… is the subtitle of my so-far favorite book on suicide prevention.
Author Kate Bornstein, a transgender performance artist, has assembled largely from personal experience an entertaining and fundamentally useful collection of “things to do today instead of killing myself.”
Bornstein invests the first 80 pages of the book in gender identity politics, which may or may not interest a particular reader. The remaining 160 pages are a brilliant compendium of 101 things a person could do today instead of dying.
Each strategy is ranked for:
- Safety (are you going to risk the rest of your life by doing this?)
- Effectiveness (how likely is it to improve your mood even a little?)
- Ease of accomplishment
- Suitability for various ages (for instance, “requires Young Adult Assistance”)
Recommendations include …
- Go shopping.
- Bake a cake.
- Eat it all.
- Stay in bed.
- Bitch, moan, rant and rave
Classic “bootstrap” remedies:
- Serve someone.
- Say please and thank you.
- Stop f**g around and get to work.
- Go for it, against all odds.
And some “rewrite your life” strategies:
- Frame your own debate
- Defy prophecy
- Write your own code of honor
By the time you’ve picked one or two to try, you’ll already have laughed enough (Believe in your own laughter) to have bumped your mood up a notch. And remember, she starts by telling you that you’re not going to go from suicidal to fabulous today. Panicky to “I can breathe” is a good start. Even though we’re Americans and expect everything at once, she says, personal change comes one small step at a time. So she even gives you a list of 50 emotions. Find where you are today, then pick a spot no more than 3 higher as a target.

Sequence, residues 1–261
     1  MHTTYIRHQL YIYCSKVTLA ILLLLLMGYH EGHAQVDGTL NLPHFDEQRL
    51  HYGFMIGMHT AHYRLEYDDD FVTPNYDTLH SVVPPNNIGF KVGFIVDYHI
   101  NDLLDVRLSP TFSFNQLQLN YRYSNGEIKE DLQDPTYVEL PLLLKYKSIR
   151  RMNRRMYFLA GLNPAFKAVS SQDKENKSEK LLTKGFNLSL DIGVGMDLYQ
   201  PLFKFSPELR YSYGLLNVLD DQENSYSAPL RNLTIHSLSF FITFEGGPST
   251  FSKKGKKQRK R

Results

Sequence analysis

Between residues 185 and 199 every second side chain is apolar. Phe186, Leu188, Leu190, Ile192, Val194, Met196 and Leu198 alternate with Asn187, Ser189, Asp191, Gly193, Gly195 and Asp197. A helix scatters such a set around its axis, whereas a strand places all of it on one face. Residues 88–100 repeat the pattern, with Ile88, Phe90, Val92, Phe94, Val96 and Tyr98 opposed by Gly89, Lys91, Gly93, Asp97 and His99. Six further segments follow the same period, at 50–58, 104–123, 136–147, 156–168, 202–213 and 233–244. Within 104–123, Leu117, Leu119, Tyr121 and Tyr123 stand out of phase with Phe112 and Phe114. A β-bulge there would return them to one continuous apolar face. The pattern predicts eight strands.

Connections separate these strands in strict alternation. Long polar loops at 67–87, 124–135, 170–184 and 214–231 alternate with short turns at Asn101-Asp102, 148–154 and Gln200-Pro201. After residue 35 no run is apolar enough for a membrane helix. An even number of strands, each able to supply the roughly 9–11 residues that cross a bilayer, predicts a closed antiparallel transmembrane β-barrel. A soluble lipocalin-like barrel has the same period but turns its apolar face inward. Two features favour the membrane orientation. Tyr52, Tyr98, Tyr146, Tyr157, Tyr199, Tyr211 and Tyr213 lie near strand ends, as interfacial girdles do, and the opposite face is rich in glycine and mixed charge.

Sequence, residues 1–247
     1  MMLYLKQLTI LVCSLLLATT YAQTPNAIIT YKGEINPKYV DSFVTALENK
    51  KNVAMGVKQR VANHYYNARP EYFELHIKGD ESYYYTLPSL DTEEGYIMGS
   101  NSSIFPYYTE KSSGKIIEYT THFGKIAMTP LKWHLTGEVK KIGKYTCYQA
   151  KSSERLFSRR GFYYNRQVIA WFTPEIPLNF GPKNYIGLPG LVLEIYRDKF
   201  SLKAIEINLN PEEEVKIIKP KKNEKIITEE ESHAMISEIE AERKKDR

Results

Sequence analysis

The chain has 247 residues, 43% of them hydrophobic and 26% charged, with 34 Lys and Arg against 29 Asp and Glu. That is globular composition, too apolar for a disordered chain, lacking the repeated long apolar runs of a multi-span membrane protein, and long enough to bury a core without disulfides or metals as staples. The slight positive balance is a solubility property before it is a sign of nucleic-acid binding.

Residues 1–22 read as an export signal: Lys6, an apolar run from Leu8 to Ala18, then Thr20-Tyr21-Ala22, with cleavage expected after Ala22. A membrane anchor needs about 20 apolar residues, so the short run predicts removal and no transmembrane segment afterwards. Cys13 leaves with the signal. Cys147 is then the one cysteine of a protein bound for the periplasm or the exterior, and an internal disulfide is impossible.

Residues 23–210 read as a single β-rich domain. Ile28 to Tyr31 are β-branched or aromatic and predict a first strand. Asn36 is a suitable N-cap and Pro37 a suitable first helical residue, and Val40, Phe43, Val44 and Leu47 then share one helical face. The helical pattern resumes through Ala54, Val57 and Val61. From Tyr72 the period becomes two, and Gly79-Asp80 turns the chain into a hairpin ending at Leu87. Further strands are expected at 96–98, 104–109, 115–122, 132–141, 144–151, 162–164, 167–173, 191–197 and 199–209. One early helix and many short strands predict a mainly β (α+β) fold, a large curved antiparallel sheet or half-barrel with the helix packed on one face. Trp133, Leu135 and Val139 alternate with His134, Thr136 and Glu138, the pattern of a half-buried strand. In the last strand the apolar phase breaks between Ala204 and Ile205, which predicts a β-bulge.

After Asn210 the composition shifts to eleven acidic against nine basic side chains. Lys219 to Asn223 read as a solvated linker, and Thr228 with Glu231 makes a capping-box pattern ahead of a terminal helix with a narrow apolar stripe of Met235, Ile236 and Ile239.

What a smart approach to staying alive!
I will tell you the same thing I messaged to Bornstein: I wish the 160 pages of this book which are suicide prevention, plain and simple, were available separate from the 80 pages of polemic on gender politics directed at teens confused about their gender identity.
I understand that LGBQT kids have a higher suicide rate and suicide attempt rate than the population at large. I understand that choosing to live a different gender identity than that assigned at birth is stigmatized. Right now, I’m trying to help a coworker live in his new male identity (“Joe is running every day and I told him you said you’ve gotten too lazy to run so he’s going to kick your butt to get you moving”) even while I refer him to fabric sales and ask about his knitting.
But the thing is, when you add up the numbers, LGBQT teens are only a small part of the suicide total. I understand that Bornstein feels she has a message that she needs to get to them. I just wish she understood that she has a message for everyone who wants to die today … and they might not page past the polemic to get to it.
PS: I read Bornstein’s book as part of my survey of suicide prevention strategies for my own forthcoming book, 50 Shades of Suicide Prevention. Excerpts to come.
Update: Via Twitter, Bornstein has encouraged me to create my own book of 101 Alternatives. Which seems like a great idea! Here are a few so far:
- Call the only person in the world who understands.
12. Go to the best chocolate shop in town.
16. Give yourself some quiet space.
17. Get out of the quiet.
23. Stare soulfully into a dog’s eyes.
31. Write the ultimate revenge murder story.
37. Make a wild, crazy decision you’ll probably regret.
37. Decide something that doesn’t change anything important.
What are some of the things you do instead of dying when you feel like there’s no reason to keep moving? If I use your idea in my book, you’ll get credit! Follow Kate on Twitter at #stayalive.